[oh-mer; Sephardic Hebrew aw-mer; Ashkenazic Hebrew oh-mer]
- a Hebrew unit of dry measure, the tenth part of an ephah.
- (usually initial capital letter) Judaism. the period of 49 days extending from the second day of Passover to the first day of Shavuoth.
Origin of omer
From the Hebrew word ʿōmer
Dictionary.com Unabridged Based on the Random House Unabridged Dictionary, © Random House, Inc. 2018
Examples from the Web for omer
Labor MK Omer Bar-Lev on Yesh Atid leader Yair Lapid's statement to the New York Times.Closer to Settlers Than Reality
May 21, 2013
I help advise Omer, a twenty-eight year old journalist, in his doctoral studies at Rotterdam University.Powerless In Gaza
May 1, 2013
At one point, it was speculated that it was a son named Omer Bhatti and he would now be in his late 20s.The Secret Life of Janet Jackson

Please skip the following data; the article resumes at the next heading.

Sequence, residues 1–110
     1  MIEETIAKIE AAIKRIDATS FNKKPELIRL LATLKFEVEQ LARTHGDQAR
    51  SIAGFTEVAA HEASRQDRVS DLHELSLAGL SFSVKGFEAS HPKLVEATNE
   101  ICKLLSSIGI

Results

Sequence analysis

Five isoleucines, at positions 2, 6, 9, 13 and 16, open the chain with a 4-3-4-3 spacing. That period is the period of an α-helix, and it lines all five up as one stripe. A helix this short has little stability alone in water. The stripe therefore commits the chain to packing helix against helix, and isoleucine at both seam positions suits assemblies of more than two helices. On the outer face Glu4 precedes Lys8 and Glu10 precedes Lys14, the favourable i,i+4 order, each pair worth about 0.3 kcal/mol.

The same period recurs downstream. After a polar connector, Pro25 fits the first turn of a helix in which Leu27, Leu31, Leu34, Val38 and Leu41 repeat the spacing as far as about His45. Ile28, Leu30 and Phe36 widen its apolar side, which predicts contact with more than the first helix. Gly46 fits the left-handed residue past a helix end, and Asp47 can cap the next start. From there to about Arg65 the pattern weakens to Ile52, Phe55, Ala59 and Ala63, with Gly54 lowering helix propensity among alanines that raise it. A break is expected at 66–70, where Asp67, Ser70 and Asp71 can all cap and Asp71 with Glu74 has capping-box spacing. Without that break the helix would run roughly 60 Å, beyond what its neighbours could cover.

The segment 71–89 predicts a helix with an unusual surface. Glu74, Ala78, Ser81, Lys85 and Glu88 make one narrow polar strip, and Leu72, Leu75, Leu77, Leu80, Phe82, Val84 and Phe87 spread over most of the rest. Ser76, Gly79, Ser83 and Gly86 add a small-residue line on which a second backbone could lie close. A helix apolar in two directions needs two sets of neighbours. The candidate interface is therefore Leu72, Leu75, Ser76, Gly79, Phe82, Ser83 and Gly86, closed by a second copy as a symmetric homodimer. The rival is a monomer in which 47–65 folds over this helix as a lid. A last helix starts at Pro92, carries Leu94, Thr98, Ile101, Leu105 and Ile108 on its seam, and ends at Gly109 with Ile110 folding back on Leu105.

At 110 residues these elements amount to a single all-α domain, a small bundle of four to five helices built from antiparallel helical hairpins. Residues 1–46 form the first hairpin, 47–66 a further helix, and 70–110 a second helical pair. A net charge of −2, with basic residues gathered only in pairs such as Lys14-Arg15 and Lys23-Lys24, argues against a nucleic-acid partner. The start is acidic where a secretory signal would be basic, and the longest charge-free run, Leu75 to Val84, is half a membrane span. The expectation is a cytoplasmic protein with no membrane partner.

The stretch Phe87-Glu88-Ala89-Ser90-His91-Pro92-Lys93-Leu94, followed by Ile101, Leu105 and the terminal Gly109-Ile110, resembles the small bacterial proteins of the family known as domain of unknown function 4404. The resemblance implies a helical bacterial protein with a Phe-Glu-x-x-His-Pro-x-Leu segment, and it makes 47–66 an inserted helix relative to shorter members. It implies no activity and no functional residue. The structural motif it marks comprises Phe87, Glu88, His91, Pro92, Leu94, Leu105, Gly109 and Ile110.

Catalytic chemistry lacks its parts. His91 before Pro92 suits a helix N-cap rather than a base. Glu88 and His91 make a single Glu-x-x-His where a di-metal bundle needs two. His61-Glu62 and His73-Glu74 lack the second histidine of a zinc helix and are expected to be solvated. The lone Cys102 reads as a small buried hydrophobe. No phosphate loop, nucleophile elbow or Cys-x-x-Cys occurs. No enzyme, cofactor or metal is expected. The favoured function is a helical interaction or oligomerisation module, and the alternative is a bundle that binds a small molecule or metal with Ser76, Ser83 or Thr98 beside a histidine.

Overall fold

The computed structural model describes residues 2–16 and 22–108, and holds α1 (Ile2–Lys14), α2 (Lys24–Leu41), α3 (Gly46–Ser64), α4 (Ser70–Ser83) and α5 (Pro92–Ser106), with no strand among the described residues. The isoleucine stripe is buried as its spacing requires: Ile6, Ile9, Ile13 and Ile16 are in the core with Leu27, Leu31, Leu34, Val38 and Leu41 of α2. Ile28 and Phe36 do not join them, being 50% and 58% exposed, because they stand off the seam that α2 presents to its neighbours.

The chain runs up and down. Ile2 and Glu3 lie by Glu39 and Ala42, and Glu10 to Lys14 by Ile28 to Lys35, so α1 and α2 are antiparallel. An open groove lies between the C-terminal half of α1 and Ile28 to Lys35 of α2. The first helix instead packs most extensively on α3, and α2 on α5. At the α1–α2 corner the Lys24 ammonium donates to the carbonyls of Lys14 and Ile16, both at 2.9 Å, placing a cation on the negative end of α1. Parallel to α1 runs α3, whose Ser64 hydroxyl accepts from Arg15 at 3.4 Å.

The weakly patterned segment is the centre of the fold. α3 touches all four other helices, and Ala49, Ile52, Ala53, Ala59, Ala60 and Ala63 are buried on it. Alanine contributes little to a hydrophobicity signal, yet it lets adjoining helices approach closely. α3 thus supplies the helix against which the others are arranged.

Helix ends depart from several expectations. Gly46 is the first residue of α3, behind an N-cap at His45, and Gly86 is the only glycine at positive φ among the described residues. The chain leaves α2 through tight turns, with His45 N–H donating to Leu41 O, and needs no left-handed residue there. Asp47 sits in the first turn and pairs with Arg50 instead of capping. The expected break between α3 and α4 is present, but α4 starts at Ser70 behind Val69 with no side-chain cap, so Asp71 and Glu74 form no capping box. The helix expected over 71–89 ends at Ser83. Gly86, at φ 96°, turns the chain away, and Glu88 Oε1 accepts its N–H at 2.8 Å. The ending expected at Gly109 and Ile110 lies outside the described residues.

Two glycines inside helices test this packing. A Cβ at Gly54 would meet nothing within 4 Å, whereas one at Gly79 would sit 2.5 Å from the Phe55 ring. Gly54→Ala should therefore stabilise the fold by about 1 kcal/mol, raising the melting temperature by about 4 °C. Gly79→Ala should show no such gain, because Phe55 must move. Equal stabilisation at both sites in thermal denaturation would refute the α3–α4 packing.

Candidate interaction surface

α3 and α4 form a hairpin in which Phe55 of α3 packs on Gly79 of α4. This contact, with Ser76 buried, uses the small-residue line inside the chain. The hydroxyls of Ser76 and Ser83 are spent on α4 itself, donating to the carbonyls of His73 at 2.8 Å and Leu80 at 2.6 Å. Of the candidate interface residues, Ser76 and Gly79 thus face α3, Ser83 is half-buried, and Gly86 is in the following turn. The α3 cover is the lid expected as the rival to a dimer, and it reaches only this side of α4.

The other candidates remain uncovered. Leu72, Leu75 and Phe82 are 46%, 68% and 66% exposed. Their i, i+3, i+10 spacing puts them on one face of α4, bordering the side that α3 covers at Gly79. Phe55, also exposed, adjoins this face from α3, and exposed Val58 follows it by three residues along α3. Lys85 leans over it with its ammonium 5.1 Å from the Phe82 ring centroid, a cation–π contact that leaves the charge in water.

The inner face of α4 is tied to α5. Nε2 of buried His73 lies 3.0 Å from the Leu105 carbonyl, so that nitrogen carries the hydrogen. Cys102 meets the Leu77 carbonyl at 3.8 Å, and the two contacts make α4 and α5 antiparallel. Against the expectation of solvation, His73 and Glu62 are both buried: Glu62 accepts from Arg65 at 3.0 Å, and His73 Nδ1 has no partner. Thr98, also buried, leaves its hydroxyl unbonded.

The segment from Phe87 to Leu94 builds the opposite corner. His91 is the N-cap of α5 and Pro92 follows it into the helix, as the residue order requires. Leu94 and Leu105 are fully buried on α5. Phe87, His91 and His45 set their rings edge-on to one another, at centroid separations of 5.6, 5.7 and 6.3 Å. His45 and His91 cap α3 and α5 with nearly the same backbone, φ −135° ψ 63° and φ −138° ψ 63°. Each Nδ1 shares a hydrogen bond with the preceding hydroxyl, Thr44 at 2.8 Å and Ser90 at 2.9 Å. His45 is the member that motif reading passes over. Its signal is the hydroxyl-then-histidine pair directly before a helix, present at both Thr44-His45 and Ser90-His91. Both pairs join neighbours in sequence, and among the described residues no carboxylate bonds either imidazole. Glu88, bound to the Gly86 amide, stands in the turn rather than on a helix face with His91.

February 26, 2013
Monsieur Soyer, said Omer Pacha, what have you good to eat there?Soyer's Culinary Campaign
De Saint Omer stood like an avenging angel, arms folded, waiting.
De Saint Omer came to me and took my hand in his quick, vibrating grip.
"If Omer can find it there, I'll do his work for a week," retorted young Green.
"Allow me to go down at once to St. James's, sir," resumed Omer.
- an ancient Hebrew unit of dry measure equal to one tenth of an ephah
C17: from Hebrew `ōmer a measure
- Judaism a period of seven weeks extending from the second day of Passover to the first day of Shavuoth, and observed as a period of semimourning
named because sacrifices of an omer of grain were made
Collins English Dictionary - Complete & Unabridged 2012 Digital Edition © William Collins Sons & Co. Ltd. 1979, 1986 © HarperCollins Publishers 1998, 2000, 2003, 2005, 2006, 2007, 2009, 2012
Word Origin and History for omer
Hebrew measure of capacity (a little over 5 pints), from Hebrew 'omer.
Online Etymology Dictionary, © 2010 Douglas Harper